This is a friendly reminder that today is the final day to save $100 on Gallery Server Pro Enterprise. This is the premier package of Gallery Server Pro, containing all the benefits of the GPL and GPL Professional versions while adding some really nice features, such as SQL Server/Azure support (which is up to 20 times faster than SQL CE!), guaranteed forum support, a commercial license and sample PayPal and Facebook templates.
Thursday, July 11, 2013
Today I released the Gallery Server Pro API Documentation, freshly updated for 3.0. This is primarily a resource for developers who want to better understand the namespaces and classes used in Gallery Server Pro.
Previous versions were released as a chm file, but this time I decided to post it as a set of web files. This makes it easy for anyone to reference and doesn’t require a download.
Friday, July 5, 2013
On July 3 Microsoft updated its version of Gallery Server Pro in the Web Application Gallery and Azure Gallery to the latest 3.0.1 version. These versions make it easy to get up and running with a gallery without having to think about IIS settings, databases or other technical details.
Web Application Gallery
There are three ways to install a gallery from the Web Application Gallery:
- From within IIS Manager
- From a web host control panel
- Through the Web Application Gallery website
When you have access to IIS Manager, I recommend this approach. Open IIS Manager, navigate to your website, then select Install Application From Gallery in the right pane:
If you don’t see the link, install the Web Platform Installer.
Select the Applications tab, click Galleries from the left pane, then select Gallery Server Pro. Click Add, then Install.
Follow the prompts to finish the installation. Pretty easy.
Web host control panel
Many hosting companies are integrated with the Web Application Gallery, which offers an easy way to install Gallery Server Pro that avoids having to FTP the files to your site and configure permissions. For example, the Arvixe Control Panel has a Hosting Spaces section with a link to the WAG:
Click it and follow the wizard to install a new gallery instance to your website.
Note: I have seen cases where the hosting control panel defaults the application pool to Classic Mode. Gallery Server Pro requires Integrated Mode, so if you have any trouble, check this setting. Go into the Web Sites section, select your website, then check the Extensions tab:
Web Application Gallery website
The Web Application Gallery website lets you install Gallery Server Pro using the Web Platform Installer, which you will be prompted to install if necessary.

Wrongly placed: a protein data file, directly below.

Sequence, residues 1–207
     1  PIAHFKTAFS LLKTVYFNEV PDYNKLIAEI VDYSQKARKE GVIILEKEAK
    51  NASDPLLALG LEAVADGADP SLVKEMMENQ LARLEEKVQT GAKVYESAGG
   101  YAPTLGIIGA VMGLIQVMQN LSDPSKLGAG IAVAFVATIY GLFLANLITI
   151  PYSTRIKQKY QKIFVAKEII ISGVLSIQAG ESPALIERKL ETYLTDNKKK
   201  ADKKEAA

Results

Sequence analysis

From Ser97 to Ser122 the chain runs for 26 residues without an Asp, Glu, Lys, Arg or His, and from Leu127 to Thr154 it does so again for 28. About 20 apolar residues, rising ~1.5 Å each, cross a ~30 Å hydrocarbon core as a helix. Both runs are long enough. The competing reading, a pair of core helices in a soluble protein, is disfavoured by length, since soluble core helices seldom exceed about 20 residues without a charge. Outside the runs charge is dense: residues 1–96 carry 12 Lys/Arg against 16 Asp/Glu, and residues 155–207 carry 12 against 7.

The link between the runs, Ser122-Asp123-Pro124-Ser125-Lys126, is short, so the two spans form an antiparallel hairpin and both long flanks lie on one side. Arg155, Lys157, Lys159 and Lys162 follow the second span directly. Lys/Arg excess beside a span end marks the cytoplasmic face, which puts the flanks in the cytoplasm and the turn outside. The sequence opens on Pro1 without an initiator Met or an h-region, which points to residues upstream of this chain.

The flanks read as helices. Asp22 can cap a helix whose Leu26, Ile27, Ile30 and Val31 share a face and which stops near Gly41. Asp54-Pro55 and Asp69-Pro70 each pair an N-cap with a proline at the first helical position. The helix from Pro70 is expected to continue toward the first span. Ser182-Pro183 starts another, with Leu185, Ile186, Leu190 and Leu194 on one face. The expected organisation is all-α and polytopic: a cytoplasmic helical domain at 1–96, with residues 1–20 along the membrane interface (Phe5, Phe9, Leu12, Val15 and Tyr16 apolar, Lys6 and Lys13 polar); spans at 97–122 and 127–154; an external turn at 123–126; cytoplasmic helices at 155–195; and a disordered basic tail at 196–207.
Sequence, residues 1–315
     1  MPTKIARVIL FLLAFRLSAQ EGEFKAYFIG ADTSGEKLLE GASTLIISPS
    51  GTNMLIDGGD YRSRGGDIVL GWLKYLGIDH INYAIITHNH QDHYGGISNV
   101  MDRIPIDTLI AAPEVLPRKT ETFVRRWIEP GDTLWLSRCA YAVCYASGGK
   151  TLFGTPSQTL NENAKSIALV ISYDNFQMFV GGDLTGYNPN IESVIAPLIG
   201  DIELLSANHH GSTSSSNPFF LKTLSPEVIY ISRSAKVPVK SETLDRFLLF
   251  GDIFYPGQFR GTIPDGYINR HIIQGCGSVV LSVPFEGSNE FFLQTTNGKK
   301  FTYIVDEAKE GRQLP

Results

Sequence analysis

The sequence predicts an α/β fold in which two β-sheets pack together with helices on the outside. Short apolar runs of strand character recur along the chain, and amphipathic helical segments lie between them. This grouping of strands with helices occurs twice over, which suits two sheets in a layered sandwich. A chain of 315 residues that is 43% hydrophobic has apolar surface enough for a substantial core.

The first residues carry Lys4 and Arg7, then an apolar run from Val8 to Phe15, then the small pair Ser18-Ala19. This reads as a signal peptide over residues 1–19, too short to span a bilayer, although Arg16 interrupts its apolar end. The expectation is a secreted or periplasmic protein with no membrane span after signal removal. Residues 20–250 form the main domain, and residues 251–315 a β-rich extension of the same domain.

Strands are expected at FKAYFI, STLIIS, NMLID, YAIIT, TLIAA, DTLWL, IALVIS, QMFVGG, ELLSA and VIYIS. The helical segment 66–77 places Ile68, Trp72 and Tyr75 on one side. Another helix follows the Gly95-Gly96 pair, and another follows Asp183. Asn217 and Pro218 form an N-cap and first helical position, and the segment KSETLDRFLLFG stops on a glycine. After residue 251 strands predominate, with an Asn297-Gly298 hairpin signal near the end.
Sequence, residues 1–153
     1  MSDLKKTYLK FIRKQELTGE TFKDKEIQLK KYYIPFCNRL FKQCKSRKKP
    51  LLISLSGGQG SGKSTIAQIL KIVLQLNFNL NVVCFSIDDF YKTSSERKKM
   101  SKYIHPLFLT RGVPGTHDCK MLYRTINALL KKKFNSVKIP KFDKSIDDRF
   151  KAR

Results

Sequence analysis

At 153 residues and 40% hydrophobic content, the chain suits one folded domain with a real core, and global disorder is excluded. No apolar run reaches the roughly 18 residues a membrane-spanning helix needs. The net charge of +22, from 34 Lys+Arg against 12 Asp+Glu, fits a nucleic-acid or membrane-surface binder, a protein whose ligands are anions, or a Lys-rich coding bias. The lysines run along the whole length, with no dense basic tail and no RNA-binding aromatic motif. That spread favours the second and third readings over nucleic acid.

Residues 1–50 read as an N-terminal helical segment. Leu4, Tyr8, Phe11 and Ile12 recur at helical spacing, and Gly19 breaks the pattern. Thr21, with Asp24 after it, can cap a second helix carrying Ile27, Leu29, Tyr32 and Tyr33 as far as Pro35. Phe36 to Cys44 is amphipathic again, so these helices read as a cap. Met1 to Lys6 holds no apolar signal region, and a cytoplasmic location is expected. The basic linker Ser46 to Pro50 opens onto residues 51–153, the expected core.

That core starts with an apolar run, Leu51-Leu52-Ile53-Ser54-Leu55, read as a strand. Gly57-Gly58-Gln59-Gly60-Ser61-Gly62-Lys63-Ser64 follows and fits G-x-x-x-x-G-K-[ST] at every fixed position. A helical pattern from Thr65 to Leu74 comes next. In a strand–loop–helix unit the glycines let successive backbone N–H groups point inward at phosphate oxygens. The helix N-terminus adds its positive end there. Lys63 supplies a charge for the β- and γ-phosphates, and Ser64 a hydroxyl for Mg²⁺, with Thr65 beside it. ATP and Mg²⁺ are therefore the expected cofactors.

When you install through the Web Application Gallery website, Microsoft also installs WebMatrix and configures the gallery to run in local-only mode. The idea is that you can configure the gallery and then use the deploy feature in WebMatrix to push it to its final destination, which can be Azure, an FTP site, your web hosting company, or any other IIS destination.
This option has caused confusion with users who wonder why the gallery they just installed isn’t publicly available. Just remember that you have to publish it somewhere, even if it’s just pushing it to IIS on the same server.
Getting a gallery up and running in Azure takes just a few clicks. From the Azure Portal, click New in the lower left corner:
Then select WEB SITE and FROM GALLERY:
Select the Galleries category on the left, then Gallery Server Pro:
Click the next arrow, then enter your desired URL. Change the region if desired and finally select the checkbox to create the gallery:
After a few moments, your gallery is created:
Click the URL to view the gallery and set up the admin account:
Once the admin account is created, your gallery is ready to use.
Switch to SQL Server
The Web Application Gallery of GSP uses SQL CE as the database, but you can easily switch to SQL Server if you wish. Any time after installation, open web.config in a text editor (found in the root directory of the gallery). Update the connection strings section so that a connection named GalleryDb points to SQL Server. The easiest way to do this is to comment out the SQL CE connection, uncomment the SQL Server example, and edit it to point to your SQL Server. When you are done, it will look something like this:
<!--<add name="GalleryDb" providerName="System.Data.SqlServerCe.4.0" connectionString="data source=|DataDirectory|\GalleryData.sdf" />—>
<add name="GalleryDb" providerName="System.Data.SqlClient" connectionString="server=(local);uid=;pwd=;Trusted_Connection=yes;database=GalleryServerPro;Application Name=Gallery Server Pro;MultipleActiveResultSets=True" />
The <!-- … --> around the first connection tells ASP.NET to ignore it, while the second connection instructs the gallery to store data in a SQL Server instance on the local machine in a database named GalleryServerPro, connecting with Windows Authentication. Save your changes.
Now go to the App_Data directory and add an empty text file named install.txt. If there already is one, you can skip this step. Gallery Server Pro detects this file and allows the creation of an admin account when present.
Use your browser to navigate to the gallery. Startup code will add the necessary tables and seed data to the SQL Server database and a message will appear instructing you to create an admin account. At this point the gallery is using SQL Server. The old SQL CE database at App_Data\GalleryData.sdf is no longer used and can be deleted.
These steps won’t migrate any data from SQL CE. There is a way to do that – consult the Admin Guide for details.
There you have it – several new ways to easily install a gallery!